Canada, Feb.15: The Indian contingent was the easiest to spot during the opening ceremony of 2010 Vancouver Winter Olympics. More so because of the clothes worn by flag-bearer Shiva Keshavan who marched around the BC Place stadium in Vancouver in a brown overcoat and black trousers, while four others wore grey tracksuits. Shiva’s father, who also participated in the parade, was in off-white pants and a beige blazer.
The mismatched attire was embarrassing enough and soon news of ’donated’ uniforms for Team India hit front pages of international dailies, highlighting the plight of the Indian athletes. "Three-man Indian team gets donated uniform," said CBC, Canadian public broadcaster.
According to media reports, the uniform that had been given to the team for the opening ceremony was of poor quality. A local businessman donated fresh uniforms that the Indian athletes wore at the opening ceremonies at the BC Place.
"We did get some uniforms but they were of horrible quality bordering on disgraceful. On top of that, everyone was not given the same uniform and some were given none altogether. That’s the reason we were not wearing same clothes during the ceremony," said Shiva.
"The Olympics is where we are showing our country’s pride to the world so we need to have a good uniform," he said.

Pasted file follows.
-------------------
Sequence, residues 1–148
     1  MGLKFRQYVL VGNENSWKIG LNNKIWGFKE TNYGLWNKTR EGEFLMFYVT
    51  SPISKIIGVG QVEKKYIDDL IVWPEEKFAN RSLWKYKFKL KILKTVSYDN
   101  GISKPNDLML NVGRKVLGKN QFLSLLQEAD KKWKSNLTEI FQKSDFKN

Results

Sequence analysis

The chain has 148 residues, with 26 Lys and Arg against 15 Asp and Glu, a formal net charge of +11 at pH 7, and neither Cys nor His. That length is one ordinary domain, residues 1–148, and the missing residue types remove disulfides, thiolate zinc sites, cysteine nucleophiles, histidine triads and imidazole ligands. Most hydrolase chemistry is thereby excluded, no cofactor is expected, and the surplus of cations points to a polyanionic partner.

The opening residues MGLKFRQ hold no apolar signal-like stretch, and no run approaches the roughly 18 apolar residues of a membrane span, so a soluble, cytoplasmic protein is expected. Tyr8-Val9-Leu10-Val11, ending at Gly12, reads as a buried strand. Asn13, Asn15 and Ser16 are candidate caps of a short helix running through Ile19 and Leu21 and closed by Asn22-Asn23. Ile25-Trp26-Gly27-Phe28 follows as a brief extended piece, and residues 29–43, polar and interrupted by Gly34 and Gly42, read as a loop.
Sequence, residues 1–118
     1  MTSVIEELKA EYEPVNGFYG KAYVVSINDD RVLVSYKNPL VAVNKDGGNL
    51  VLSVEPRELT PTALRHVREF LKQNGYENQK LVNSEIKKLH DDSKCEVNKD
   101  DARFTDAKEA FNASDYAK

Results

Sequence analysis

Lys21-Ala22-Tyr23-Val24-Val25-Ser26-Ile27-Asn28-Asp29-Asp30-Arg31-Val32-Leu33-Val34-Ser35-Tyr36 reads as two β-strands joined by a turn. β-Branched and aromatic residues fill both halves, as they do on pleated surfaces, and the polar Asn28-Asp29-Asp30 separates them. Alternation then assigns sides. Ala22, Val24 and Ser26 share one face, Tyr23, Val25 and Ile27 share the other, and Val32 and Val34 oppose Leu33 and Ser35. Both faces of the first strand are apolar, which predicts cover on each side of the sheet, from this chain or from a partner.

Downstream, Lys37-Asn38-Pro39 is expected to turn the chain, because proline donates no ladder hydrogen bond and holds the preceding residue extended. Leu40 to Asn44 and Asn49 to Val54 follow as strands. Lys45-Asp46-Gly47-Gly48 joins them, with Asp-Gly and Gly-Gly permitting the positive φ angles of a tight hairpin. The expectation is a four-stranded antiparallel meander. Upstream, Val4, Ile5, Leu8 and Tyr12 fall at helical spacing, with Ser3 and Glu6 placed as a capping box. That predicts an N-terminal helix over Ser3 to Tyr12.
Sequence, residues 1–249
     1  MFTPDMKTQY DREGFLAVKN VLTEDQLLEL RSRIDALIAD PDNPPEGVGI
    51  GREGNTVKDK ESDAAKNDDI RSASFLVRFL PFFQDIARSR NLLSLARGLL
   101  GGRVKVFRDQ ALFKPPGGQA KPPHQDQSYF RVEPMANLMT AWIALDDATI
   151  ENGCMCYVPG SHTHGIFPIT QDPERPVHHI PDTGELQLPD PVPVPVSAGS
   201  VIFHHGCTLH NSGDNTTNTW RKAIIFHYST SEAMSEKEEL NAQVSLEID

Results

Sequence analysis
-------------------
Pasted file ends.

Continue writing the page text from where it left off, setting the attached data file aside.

The local Indo-Canadian community decided to rally around Shiva and the two skiers who made up India’s tiny Winter Olympic team.
"My first reaction was, you’re kidding me. They’re from India, the land of clothing, and they have no clothes to wear, but that’s just how it is in Third World countries," said T J Johal, the owner of Sports Unlimited in Surrey.
Four-time Olympian Shiva’s comments in the local media also prompted the Indian diaspora to collect $ 8,000 for the contingent, which ultimately refused the money saying that it would not accept "charity".
This is not the first time that Shiva has been at the receiving end of charitable help. He was recently given money by a group of lawyers in India to get a new luge sled, after they heard his old one held together by duct tape and screws had fallen apart.
In an SMS sent to NDTV, Shiva’s friend said: "The lawyers’ money was a goodwill gesture because it costs at least Rs 50 lakh to train to become a world class athlete. Shiva is among the top in the world with the least available to him."
The government however had a different story to tell. India’s Chef de Mission in Vancouver R K Gupta reportedly said that Shiva was miffed because he wanted his father to march in the opening ceremony and since there was no uniform available for him, Shiva chose to not wear the uniform himself.
Further clarifying its position in the matter, the government provided a statement of the expenditure on each athlete, refuting all claims that members of the team were not provided adequate financial help.
From bearing the expenses of their ceremonial clothing to daily allowances of USD 50 per day, the sports ministry said it has spent around Rs 7.4 lakh on the eight-member Indian contingent at the Winter Olympics in Vancouver, Canada.